Making the transition to assisted living can come for a variety of reasons. In some cases, a sudden health issue means that someone who was once independent has no means to maintain their home. In other cases, this may be a slowly-reached decision that a senior themselves may start when they no longer have an interest in the added work that running a house causes. Sometimes, it may be a case where adult children, who were once able to fill in some of these gaps, no longer have the means to do so. Whatever the reason, there are a lot of different considerations that go into helping a loved one make that transition. Here are some things you can keep in mind.
One thing you’re going to want to understand when searching out assisted living facilities is that there is certainly not a one-size-fits-all mentality here. Any two given facilities can vary wildly in terms of the type of services they have and the clientele they cater to. As a result, you want to think long and hard about what your loved one needs and values. For example, do they need help for a few specific tasks, but are going to be able to be independent for the most part? Do they have specific health conditions that can only be treated at certain facilities? Another thing you want to do is try and think ahead. Your loved one’s condition may be a certain way now, but what about five or ten years down the road? If things change, can they still stay in their facility, or will you need to make another transfer?
On top of this, you also want to take the added time to see about the quality of care, from different professional sources as well as people who have been to the home. In some cases, it’s the simple things that you’re looking for, but either way, trust is key when you bring someone to an assisted living facility. Sadly, there are other major issues that can occur in assisted living facilities and nursing homes, including elder sexual abuse. Statistically, 70.7% of cases of elder sexual abuse cases occur in nursing homes. According to the lawyers at Spiros Law, a victim of sexual abuse in a nursing home may show physical scars, “often it does not. Additionally, the emotional traumas that result can be lasting, but can be hard to tie to any specific person or put a monetary value on. These factors combined can make a nursing home sexual abuse a very hard case to prove without an extensive background in nursing home law.” To avoid being put in this position, the best things you can do are twofold:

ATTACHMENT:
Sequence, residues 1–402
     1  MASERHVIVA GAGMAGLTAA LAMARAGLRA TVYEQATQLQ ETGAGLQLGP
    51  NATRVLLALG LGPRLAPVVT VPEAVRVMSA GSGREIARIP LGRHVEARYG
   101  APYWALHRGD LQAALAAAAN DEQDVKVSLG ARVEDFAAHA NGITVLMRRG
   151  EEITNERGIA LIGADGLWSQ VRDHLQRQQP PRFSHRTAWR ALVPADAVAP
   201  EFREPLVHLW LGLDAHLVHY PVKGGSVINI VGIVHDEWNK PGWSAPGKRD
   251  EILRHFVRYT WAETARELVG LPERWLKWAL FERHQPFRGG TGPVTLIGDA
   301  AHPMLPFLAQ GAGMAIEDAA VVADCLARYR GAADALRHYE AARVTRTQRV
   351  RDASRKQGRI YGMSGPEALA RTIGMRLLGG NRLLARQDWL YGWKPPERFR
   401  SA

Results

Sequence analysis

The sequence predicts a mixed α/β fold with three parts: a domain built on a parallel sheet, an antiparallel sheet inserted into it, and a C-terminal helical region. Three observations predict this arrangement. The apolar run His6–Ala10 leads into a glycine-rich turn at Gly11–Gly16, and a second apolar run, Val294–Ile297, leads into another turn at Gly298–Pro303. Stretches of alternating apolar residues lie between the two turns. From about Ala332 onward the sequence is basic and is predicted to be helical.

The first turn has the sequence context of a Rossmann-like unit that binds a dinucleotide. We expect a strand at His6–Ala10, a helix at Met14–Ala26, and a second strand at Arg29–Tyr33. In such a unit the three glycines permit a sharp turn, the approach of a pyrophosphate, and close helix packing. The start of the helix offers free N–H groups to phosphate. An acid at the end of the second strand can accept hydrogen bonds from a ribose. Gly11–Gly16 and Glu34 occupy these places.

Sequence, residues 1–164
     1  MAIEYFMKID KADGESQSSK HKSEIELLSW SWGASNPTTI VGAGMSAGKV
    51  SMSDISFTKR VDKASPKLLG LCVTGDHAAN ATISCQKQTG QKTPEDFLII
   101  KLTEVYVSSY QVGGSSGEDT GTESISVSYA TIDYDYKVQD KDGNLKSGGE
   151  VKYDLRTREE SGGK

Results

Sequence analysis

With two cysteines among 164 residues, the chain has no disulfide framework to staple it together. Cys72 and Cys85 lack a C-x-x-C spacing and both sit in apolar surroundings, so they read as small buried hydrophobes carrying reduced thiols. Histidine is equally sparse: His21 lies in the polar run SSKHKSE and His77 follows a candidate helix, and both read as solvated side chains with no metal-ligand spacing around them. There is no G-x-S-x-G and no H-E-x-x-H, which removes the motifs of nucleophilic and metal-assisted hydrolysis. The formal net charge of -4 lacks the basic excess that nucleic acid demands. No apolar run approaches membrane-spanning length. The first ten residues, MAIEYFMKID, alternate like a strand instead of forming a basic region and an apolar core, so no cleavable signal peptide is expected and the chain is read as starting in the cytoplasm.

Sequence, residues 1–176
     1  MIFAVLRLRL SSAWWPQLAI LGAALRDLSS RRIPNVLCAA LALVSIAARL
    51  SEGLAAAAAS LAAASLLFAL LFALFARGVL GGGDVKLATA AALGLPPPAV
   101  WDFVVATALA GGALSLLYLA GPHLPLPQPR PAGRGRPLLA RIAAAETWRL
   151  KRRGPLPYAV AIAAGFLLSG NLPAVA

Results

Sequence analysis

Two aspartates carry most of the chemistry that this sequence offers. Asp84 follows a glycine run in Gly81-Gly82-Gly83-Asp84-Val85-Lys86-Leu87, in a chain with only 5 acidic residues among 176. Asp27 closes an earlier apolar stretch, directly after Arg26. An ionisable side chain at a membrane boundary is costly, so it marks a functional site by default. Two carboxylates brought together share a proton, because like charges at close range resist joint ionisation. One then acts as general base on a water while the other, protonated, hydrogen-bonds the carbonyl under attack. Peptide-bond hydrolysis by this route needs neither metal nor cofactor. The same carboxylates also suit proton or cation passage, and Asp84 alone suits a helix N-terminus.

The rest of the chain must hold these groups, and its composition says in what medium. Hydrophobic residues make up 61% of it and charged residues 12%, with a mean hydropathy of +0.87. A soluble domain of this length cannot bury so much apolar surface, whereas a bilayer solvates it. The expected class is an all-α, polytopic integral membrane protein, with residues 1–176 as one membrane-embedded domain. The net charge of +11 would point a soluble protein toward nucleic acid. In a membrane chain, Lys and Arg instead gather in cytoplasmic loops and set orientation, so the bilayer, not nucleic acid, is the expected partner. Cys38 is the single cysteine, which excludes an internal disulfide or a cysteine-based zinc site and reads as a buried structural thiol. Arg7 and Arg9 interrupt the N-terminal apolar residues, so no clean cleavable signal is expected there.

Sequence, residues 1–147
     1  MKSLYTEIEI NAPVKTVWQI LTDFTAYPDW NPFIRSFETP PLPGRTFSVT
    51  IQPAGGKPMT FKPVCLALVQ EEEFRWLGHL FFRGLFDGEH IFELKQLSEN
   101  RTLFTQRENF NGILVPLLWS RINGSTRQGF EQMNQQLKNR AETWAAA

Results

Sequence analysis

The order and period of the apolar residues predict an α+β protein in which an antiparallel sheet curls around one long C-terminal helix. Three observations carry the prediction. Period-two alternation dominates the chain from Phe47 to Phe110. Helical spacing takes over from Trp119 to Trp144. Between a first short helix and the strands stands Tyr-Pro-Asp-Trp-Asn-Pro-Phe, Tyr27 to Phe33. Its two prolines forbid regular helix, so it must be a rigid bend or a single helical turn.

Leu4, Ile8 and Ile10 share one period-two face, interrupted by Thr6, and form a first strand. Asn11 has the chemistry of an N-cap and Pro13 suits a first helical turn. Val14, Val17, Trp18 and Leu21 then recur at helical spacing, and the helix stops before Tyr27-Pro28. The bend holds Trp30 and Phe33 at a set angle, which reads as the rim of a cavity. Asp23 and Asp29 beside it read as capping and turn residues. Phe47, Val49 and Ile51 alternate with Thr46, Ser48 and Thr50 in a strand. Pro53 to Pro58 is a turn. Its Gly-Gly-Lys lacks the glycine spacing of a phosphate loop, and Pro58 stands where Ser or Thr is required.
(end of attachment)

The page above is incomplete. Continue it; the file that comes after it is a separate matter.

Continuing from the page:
A. Do your due diligence about facilities and their staff before you bring your loved one in.
Moving back to the transition, make sure that you are logistically prepared for what goes into moving into assisted living. Even a single room is likely to be a lot smaller than what your loved one probably has at home, so you need to make sure that you decide what items are important for them to keep with them prior to the move. With the remaining items, you have a few decisions to make. In some cases, you can give them out to other family members. In other cases, it may make sense to donate them, sell, them or put them into storage. Try to give your loved one a voice in these decisions if possible.
This factors into the emotional side of things, which can be difficult for any senior who is used to being independent. While your loved one is moving, try to encourage them that you still care for them, and help them find ways to interact and get involved in their new surroundings. Don’t forget to take care of yourself, also. Many people feel great guilt after sending a loved one to assisted living, and it’s important that you work through these feelings with a trusted friend, loved one, or spiritual advisor.
Ultimately, as someone who may have been a caretaker for an older loved one at some point during their life, it may make sense that you have a lot of anxiety about leaving these duties to someone else. However, all the tools and resources are available at your disposal to make this process a far simpler one. It just falls on you to use one.Updated Date: 12 October 2018, 11:29